By Hilka Birns/CAPE TOWN

Dangerously low profit margins are threatening the future of airlines in Southern Africa as low yields from domestic services and excessive levies imposed by government-owned monopolies take their toll, according to the Airline Association of Southern Africa (AASA).

Airlines in the region are reporting net profits which amounted to only 0.5% of revenue last year. While the productivity of African airlines grew by 7% during the period, net profitability slumped by 43%. Several carriers in the region have gone to the wall in recent years - the best known probably being Zambian Airways.

AASA chief executive John Morrison, speaking at the Association's annual congress, said that a recent survey shows that the average South African domestic air fare is 50% lower than fares charged in countries such as Australia, Malaysia and the USA, while regional fares are 35% lower.

He says that state-owned or parastatal monopolies regard the Southern African aviation industry as a soft target for excessive charges and levies.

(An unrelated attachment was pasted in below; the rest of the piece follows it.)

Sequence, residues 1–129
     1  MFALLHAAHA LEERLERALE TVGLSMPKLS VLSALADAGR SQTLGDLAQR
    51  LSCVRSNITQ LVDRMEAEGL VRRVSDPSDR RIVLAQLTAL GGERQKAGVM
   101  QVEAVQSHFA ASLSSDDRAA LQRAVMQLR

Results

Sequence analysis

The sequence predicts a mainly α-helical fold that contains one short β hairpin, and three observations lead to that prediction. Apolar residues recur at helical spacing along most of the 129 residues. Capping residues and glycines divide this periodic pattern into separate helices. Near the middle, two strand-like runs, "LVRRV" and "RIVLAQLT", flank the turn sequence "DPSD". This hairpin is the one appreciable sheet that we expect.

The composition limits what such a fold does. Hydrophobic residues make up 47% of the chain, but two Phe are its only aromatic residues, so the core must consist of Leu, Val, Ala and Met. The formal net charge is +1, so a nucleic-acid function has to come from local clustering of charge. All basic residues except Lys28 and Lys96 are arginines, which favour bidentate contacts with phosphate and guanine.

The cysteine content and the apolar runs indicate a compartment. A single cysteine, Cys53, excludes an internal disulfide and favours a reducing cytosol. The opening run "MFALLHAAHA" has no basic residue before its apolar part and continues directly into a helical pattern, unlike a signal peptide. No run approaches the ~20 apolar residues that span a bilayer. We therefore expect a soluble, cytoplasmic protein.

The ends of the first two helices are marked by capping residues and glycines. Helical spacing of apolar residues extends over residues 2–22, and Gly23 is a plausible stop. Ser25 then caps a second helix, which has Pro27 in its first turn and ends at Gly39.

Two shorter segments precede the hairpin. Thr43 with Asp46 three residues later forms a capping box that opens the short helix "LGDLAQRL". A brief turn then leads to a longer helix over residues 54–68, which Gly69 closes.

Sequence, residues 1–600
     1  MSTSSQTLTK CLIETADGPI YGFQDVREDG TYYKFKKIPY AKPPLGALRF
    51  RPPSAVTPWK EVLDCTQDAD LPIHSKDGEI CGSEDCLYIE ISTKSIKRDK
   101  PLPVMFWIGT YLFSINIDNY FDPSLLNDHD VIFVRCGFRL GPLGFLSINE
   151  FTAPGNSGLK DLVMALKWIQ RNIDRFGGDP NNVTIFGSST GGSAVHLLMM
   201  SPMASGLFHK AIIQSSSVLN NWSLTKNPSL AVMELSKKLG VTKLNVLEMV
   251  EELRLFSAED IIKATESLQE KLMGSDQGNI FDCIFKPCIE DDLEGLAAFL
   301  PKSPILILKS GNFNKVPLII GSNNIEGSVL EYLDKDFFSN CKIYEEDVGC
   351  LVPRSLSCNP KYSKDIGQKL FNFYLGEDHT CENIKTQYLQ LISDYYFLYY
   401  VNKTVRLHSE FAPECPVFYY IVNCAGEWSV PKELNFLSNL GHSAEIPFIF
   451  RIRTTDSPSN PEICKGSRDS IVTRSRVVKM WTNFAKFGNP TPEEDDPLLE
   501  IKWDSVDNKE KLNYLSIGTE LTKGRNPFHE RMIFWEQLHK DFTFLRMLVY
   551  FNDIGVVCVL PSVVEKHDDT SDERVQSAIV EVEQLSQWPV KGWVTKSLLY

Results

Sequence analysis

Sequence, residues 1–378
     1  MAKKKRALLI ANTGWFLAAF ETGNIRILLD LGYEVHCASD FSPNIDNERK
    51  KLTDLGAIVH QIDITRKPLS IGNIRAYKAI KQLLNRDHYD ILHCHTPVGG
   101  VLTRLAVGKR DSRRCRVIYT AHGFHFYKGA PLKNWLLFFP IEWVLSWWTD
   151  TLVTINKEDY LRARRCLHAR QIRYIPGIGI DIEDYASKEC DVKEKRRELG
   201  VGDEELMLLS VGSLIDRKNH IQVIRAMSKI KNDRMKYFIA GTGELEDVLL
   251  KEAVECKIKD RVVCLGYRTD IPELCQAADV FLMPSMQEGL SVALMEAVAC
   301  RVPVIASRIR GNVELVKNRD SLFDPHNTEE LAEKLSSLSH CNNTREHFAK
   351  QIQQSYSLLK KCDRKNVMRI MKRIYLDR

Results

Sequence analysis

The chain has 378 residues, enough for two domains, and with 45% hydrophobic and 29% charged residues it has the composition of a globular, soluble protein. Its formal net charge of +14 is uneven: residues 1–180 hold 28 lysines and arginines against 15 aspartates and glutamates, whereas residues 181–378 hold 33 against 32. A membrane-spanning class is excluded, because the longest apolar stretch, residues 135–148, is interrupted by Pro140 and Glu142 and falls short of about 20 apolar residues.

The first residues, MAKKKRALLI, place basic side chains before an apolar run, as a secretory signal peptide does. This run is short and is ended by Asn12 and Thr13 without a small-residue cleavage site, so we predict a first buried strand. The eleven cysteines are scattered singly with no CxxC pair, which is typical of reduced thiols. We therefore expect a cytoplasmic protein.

Morrison used South Africa to demonstrate the problems faced in the region. Jet fuel, which is subject to government levies amounting to more than R200 million ($33.3 million) annually, is 25% more expensive in Johannesburg than at 100 similar airports worldwide. The Association has urged the South African Government to abandon the pricing structure - which has been in place for more than 20 years - but so far without success.

Levies imposed by the state-owned Airports Company (ACSA) and Air Traffic and Navigation Services have also become heavy burdens on airlines. While ACSA has a capital requirement of R15 billion between 2002 and 2017, the South African airline industry, even adopting International Air Transport Association projected rates of return on turnover, can anticipate maximum after-tax profits of about R500 million a year. Morrison says a joint industry finance committee has been established to review ACSA's long term capital requirements and methods of funding.

Morrison also lists a host of new levies imposed or proposed for airlines in South Africa. A new charge is payable to the restructured Civil Aviation Authority that came into being on October 1. This takes the form of increased licensing and airworthiness charges, plus either a levy on passenger tickets or a jet fuel surcharge, or possibly a combination of both. Among other proposed charges are those for an additional levy, equal to 1% of turnover, to assist in international marketing of South Africa.

He says the African Airlines Association recently reported that it required R43 billion to replace old aircraft. "Against the background of at best marginal profits, one wonders how such investment can be justified or even financed," he concludes.

Source: Flight International